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US health plan clears major hurdle -

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US health plan clears major hurdle

John Shovelan reported this story on Monday, November 9, 2009 12:34:00

ELEANOR HALL: In the United States, House of Representatives has passed a massive health reform
bill on the weekend. Now President, Barack Obama, is urging the Senate to take up the challenge of
health reform.

The administration is seeking to introduce major changes that would bring the US health system more
into line with European and the Australian systems.

From Washington John Shovelan reports.

JOHN SHOVELAN: The House vote on healthcare reform was a hard-won victory for the President.

BARACK OBAMA: For years we've been told that this couldn't be done but last night the House proved

JOHN SHOVELAN: The Democratic Party-controlled House narrowly passed the sweeping legislation - 220
votes to 215 - with 39 Democrats voting no and only one Republican in the chamber. Joseph Cao, a
first-term representative - who holds an overwhelmingly Democratic seat in New Orleans - supporting
the bill.

JOSEPH CAO: A lot of my constituents are uninsured. A lot of them are poor.

JOHN SHOVELAN: Republicans have pledged to do all they can to stop the bill. There would be dire
consequences if it becomes law according to the House minority leader John Boehner.

JOHN BOEHNER: This bill is the greatest threat to freedom that I have seen in the 19 years I have
been here in Washington.

JOHN SHOVELAN: The bill passed mandates that most people have insurance and provides subsidies for
those who can't afford it. Big companies would have to offer coverage to their workers. Insurance
companies could no longer deny coverage to people with pre-existing medical conditions.

Woman pay higher premiums than men - this would be banned but by far the most controversial
provision in the House bill is the 'public option' where the government would sell insurance. It
would create a health insurance plan financed by premiums, to provide an option in direct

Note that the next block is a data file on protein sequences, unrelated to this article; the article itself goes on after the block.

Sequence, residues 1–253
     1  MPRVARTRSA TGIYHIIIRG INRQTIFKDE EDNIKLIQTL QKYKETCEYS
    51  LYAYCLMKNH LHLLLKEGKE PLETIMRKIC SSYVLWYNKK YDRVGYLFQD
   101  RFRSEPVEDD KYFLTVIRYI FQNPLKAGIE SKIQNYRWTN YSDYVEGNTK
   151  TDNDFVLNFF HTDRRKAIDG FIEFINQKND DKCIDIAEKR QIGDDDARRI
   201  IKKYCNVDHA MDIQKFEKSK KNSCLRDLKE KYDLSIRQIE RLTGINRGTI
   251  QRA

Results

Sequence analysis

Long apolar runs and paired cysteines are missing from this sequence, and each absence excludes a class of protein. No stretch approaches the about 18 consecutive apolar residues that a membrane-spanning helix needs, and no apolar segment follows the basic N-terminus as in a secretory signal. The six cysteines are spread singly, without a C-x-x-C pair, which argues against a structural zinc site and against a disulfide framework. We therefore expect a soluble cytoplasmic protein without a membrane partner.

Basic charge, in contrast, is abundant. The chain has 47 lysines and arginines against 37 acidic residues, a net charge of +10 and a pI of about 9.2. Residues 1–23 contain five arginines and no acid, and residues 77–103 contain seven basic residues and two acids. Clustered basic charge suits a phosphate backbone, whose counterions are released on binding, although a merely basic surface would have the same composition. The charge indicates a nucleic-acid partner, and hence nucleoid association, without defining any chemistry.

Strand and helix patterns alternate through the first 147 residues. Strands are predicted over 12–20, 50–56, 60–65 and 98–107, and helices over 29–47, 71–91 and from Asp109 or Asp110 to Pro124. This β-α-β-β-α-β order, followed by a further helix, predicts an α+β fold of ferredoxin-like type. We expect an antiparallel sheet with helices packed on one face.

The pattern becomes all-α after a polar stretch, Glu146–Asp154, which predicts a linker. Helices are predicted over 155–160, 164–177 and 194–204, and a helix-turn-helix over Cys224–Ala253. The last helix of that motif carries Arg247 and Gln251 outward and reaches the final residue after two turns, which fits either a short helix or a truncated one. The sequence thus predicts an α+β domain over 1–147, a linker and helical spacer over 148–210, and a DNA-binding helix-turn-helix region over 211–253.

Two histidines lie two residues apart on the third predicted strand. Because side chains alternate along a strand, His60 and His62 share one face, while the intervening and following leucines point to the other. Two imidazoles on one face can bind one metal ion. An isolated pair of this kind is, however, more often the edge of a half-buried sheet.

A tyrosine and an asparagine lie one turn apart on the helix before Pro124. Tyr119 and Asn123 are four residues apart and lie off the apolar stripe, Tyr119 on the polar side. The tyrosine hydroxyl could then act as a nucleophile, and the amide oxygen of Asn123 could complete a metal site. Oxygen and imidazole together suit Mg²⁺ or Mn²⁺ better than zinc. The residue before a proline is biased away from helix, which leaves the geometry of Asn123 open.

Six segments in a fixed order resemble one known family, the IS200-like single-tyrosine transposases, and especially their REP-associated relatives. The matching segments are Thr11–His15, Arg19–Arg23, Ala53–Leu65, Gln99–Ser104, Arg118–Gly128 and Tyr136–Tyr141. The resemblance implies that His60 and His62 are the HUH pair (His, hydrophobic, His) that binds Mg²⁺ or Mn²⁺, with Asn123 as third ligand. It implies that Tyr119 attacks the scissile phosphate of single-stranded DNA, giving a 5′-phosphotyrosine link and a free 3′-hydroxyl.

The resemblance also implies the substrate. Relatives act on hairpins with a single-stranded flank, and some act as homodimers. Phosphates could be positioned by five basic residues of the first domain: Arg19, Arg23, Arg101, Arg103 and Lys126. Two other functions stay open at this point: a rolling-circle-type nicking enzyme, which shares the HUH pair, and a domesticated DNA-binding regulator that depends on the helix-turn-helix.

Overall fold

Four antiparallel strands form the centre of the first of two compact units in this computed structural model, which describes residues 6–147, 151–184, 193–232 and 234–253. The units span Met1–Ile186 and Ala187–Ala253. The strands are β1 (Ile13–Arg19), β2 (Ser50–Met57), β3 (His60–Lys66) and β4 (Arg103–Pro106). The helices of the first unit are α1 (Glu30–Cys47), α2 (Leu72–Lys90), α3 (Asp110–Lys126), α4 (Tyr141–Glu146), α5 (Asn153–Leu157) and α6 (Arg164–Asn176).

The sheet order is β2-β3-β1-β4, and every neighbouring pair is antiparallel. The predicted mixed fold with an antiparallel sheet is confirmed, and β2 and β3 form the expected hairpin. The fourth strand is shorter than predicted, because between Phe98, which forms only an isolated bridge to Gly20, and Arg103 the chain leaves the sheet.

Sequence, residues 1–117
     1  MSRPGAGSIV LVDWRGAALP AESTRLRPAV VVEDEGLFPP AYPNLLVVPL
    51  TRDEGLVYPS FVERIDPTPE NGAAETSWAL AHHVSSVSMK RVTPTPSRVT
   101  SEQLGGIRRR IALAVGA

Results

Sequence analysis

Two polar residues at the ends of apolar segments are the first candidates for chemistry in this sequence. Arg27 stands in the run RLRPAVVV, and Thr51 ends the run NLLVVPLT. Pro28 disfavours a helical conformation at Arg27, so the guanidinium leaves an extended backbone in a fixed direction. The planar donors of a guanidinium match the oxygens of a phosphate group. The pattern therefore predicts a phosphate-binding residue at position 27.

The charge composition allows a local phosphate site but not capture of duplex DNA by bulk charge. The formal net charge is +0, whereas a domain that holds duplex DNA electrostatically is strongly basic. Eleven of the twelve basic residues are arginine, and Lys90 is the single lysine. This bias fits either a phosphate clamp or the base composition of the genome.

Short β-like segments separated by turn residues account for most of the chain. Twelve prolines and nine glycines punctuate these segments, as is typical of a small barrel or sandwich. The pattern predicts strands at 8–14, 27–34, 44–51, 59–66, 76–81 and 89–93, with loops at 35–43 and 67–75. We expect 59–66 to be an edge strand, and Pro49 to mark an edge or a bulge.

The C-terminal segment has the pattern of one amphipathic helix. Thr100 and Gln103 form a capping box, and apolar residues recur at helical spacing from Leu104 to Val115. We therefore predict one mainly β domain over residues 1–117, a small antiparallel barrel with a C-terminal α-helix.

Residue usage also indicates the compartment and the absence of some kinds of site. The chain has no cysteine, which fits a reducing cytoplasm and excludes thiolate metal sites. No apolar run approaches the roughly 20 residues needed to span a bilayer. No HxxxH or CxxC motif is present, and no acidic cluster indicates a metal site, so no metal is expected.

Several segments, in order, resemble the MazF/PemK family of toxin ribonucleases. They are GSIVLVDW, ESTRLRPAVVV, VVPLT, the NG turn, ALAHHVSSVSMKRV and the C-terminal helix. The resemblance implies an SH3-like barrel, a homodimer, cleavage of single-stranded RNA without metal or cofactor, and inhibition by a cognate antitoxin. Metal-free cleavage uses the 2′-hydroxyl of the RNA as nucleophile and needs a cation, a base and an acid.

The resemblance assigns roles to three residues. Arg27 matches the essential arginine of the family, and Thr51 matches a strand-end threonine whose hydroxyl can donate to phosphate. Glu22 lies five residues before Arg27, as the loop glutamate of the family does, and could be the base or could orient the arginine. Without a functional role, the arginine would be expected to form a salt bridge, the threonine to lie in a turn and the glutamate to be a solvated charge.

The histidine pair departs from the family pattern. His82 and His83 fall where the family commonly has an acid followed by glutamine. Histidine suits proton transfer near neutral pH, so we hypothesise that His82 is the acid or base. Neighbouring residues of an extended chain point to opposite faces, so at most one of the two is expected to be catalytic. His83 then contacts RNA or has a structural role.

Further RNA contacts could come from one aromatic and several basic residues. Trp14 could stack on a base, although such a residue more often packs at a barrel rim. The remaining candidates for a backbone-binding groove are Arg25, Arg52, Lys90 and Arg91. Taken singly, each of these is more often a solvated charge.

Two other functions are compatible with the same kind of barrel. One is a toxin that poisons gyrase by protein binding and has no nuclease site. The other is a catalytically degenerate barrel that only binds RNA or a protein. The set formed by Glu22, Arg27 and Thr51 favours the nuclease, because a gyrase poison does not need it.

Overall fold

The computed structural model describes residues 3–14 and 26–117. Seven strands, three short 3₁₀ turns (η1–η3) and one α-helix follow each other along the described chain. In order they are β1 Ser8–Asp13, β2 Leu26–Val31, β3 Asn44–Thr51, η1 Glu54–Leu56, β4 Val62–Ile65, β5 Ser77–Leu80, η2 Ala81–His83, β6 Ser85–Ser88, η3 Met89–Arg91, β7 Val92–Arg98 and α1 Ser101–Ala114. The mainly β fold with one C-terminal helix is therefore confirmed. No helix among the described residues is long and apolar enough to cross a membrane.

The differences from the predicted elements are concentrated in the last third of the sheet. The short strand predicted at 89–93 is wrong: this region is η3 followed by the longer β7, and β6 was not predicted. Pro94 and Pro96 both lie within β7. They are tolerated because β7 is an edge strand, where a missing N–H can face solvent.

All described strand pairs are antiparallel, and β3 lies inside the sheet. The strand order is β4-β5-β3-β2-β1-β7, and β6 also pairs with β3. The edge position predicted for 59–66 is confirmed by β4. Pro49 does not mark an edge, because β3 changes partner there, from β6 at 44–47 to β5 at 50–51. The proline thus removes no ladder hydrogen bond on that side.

competition with private insurers.

BARACK OBAMA: Given the heated and often misleading rhetoric surrounding this legislation, I know
that this was a courageous vote for many members of Congress. Now it falls on the United States
Senate to take the baton and bring this effort to the finish line on behalf of the American people.

JOHN SHOVELAN: But Senator Lindsey Graham a moderate Republican says the House bill won't survive
the Senate debate.

LINDSEY GRAHAM: The House bill is dead on arrival in the Senate. Just look at how it passed. It
passed 220 to 215. It passed by two votes. We had 40, 39 Democrats vote against the bill.

JOHN SHOVELAN: And independent Democrat Senator Joe Lieberman says he will support a filibuster if
the government insurance option isn't removed.

JOE LIEBERMAN: The public option plan is unnecessary. It has been put forward, I'm convinced, by
people who really want the government to take over all of health insurance and they have got a
right to do that.

I think that would be wrong. If the public option plan is in there, as a matter of conscience, I
will not allow this bill to come to a final vote because I believe the debt can break America and
send us into a recession that is worse than the one we are fighting our way out of today.

JOHN SHOVELAN: The House bill, almost 2000 pages long, was a major step towards the health reform
goal sought by Democrats for decades. But the Senate hasn't produced its own bill for debate and
the struggle Democrats had in the House in securing just enough votes for passage is a sign of how
difficult it's going to be to get legislation to the President for his signature.

John Shovelan, Washington.